Roman Gladiator Journal
In social study's class we worked on a Roman Gladiator journal explaining the gladiators everyday life and the colosseum. We saw how the gladiators lived and died.
I arrived in Rome yesterday from Washington DC to conduct research for my PhD in Roman History from Georgetown University. Through interviews with local historians and by visiting many colosseums, my plan is to get a real sense of the way Roman gladiators lived and the way they died. Today, on this first day, a sunny day, I checked into my hotel, the Grand Hotel de la Minerve. This is a luxury hotel that looks out over the Pantheon, but I was able to afford it due to the scholarship I received for academic excellence. After taking a bath, I went out to explore Rome and get my bearings and my sense of direction. Now I know that the River Tiber is south of my hotel, Vatican City is northwest, the Pantheon is north, and the Colosseum is southeast. Whenever I travel, it’s always important to me to have landmarks; this way, it’s unlikely that I’ll get lost.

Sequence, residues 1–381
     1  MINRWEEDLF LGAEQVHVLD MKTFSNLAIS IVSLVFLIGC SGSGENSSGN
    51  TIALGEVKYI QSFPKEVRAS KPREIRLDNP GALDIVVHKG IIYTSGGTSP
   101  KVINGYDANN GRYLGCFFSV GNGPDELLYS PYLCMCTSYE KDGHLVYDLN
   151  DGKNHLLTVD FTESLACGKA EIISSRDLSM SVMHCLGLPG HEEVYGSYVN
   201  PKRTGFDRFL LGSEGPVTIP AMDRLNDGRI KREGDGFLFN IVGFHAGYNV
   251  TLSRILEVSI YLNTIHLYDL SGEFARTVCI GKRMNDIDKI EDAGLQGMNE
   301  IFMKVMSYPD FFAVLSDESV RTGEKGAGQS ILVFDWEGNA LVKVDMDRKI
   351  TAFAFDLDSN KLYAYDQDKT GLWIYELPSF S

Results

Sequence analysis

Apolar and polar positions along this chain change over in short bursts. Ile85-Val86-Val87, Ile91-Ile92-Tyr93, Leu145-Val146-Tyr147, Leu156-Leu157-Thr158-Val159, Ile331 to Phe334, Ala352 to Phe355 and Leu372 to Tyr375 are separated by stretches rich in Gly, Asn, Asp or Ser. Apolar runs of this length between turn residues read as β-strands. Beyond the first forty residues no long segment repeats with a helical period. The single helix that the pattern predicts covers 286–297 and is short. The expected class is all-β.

After long walks throughout the day, I found a perfect restaurant for dinner, La Taberna, where I ate a big meal consisting of Fettuccine, Ossobuco, and finally a coffee Gelato. I sat for a while in the quant restaurant sipping a Gamla Chardonnay and planned my next day’s research. I knew my goal was to visit the Amphitheatre and see the places within its huge structure where tourists didn’t usually go. My goal was to find something remarkable about Roman gladiators htat I could share with the world.
While searching the beautiful Amphitheatre, I came across a doorway that led me to another secret path that led me to another deeper and darker path that then led me to a small room tucked away in the rubble and debris. In this room lay many rocks and chipped pottery. Between two rocks, I noticed pieces of papyrus sticking out. After clearing away the rocks, I discovered an old and worn down journal. I could tell it was very, very old. Barely seeing in the darkness of the room, I read the date: 53 B.C.E.